Reviewed by Bishop Stephen Hale
Any review of a Michael Bird book starts with a comment on his amazing output. I liked this comment from Nijay Gupta. ‘Now that Michael Bird has finished a major book on systematic theology as well as numerous works on messianism, the historical Jesus and the Theology of Paul, I wonder if it is time for Mike to extend his brand into cook books and romance novels!…. Let’s see if the Romans commentary he is working on kills him first.’
Michael lectures in Theology at Ridley College but has an extensive background in New Testament studies. ‘The Gospel of the Lord’ has received excellent reviews and was listed by Christianity Today as one of the books of the year in 2014.
The Gospel of the Lord is concerned ‘primarily with the questions of how the Gospels came to be, what kinds of literature they are, and how they relate to Christian discourse about God’(viii). It is not a Gospel survey, but rather a book that covers the complex issues related to the origins and development of the books we call ‘Gospels’ in the context of early church. Michael covers such matters as the transmission of the ‘Jesus tradition’, the Synoptic problem, the genre question, and the canonisation of the ‘Fourfold Gospel’, Mike deals with the non-canonical Gospels – why they were written, what they are about and how they were received by the early Christians.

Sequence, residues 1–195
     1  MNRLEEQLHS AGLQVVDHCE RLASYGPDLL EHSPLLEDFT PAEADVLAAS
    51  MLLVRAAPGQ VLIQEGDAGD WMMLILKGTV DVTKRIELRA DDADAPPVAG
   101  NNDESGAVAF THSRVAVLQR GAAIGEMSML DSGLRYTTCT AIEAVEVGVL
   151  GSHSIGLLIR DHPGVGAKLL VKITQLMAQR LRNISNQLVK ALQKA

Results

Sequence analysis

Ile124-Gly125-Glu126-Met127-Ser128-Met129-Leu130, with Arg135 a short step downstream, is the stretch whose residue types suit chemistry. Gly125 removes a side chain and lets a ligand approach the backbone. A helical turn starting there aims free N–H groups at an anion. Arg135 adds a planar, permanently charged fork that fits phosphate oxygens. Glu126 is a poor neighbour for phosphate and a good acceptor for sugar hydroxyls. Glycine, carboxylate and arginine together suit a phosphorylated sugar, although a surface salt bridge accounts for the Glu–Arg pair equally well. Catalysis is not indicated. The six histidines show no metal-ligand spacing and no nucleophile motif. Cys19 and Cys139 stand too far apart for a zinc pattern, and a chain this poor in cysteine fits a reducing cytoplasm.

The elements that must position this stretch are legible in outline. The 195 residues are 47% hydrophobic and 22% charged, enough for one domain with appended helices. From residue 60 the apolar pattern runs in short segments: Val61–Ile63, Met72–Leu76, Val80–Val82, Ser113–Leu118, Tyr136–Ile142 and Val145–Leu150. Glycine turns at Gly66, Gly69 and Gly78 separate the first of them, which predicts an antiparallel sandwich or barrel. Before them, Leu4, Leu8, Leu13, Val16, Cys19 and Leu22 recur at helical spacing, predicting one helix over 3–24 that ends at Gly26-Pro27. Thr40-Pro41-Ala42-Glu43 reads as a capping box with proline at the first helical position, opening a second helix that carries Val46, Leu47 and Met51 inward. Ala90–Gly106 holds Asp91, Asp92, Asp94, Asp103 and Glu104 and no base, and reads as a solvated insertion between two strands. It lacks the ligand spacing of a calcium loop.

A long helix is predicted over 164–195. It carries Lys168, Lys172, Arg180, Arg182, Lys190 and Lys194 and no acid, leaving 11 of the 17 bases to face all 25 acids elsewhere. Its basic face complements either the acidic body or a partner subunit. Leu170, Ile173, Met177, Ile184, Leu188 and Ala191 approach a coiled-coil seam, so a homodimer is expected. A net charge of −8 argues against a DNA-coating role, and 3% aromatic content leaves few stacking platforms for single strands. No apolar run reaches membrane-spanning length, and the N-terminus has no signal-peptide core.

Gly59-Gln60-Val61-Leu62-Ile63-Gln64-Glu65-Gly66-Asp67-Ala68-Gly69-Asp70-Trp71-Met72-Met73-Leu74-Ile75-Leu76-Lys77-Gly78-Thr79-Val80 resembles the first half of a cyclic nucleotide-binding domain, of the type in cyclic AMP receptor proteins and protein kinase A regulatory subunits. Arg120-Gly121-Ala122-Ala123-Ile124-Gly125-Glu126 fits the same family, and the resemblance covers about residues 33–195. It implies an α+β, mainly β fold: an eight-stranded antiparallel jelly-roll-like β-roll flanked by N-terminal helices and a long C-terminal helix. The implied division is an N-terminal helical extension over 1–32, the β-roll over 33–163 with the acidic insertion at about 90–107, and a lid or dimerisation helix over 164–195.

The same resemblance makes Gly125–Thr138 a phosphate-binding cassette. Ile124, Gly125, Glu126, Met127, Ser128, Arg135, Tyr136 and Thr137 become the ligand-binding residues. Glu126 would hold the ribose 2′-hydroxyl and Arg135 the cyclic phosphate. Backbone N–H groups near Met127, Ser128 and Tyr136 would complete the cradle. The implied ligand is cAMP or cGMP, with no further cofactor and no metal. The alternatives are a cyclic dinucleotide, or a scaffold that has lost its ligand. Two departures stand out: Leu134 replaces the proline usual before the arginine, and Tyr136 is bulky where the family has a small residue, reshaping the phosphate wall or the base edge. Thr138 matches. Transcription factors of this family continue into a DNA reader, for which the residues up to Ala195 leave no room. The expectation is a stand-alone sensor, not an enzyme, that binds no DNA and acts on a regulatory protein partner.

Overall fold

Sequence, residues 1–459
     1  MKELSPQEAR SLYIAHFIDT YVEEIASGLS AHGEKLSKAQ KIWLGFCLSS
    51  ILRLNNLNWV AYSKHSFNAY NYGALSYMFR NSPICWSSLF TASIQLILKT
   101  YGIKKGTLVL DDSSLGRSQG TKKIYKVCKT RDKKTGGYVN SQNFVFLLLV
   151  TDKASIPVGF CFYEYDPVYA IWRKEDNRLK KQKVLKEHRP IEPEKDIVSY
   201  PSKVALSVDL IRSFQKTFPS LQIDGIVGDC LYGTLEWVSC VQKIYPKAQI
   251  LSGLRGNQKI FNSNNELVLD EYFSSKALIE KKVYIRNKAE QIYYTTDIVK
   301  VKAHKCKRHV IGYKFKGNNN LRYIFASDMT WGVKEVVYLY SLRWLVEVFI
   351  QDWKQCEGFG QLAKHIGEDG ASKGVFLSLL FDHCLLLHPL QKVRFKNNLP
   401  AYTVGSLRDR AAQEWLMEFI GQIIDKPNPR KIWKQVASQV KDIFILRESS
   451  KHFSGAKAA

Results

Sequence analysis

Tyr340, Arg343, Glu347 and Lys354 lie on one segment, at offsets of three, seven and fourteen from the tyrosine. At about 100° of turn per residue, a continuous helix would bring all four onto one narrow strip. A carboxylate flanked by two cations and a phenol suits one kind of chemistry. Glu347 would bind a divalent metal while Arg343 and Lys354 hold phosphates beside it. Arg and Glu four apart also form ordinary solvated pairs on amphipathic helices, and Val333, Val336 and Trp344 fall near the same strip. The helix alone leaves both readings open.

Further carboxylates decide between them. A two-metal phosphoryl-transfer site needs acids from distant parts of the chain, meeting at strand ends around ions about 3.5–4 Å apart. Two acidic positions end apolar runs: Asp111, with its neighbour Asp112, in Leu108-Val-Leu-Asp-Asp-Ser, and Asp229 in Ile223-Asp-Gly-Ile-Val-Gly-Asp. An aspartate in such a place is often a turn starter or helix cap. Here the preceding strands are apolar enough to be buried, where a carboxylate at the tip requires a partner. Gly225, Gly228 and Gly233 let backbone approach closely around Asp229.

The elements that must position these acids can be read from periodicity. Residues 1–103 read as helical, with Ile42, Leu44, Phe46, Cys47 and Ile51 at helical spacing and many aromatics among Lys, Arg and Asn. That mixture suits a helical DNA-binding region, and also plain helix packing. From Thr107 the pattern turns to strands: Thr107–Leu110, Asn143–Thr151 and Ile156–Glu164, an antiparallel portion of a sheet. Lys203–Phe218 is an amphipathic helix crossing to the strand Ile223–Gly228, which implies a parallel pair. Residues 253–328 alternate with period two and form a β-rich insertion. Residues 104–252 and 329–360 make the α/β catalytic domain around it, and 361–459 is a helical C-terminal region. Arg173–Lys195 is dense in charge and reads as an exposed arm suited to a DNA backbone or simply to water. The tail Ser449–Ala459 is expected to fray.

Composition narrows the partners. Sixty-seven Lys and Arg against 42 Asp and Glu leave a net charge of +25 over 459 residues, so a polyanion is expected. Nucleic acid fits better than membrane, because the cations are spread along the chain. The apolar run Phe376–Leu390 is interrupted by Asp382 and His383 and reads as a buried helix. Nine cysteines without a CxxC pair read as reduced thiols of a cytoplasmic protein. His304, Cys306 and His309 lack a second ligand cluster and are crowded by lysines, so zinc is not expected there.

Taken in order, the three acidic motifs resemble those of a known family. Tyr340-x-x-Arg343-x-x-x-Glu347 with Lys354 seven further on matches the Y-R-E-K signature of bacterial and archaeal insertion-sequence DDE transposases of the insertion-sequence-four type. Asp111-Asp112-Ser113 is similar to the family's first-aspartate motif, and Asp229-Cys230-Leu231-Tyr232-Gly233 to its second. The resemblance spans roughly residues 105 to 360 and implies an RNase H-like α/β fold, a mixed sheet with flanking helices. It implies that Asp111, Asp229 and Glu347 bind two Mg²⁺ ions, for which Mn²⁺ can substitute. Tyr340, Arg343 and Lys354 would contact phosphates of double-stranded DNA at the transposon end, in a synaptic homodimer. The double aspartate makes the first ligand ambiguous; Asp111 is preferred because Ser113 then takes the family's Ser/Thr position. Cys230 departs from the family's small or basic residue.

In our highly skeptical age it is critical that we have a clear understanding of how the primary source documents for our knowledge of Jesus came into being and can be relied upon. Bird uses his typical aussie humour to enliven the book and traverses many scholarly disputes and discussions with clarity and a genuinely fresh perspective.
I enjoyed the book and gather from other reviews (from genuine Scholarly types) that it should become an standard academic text for years to come.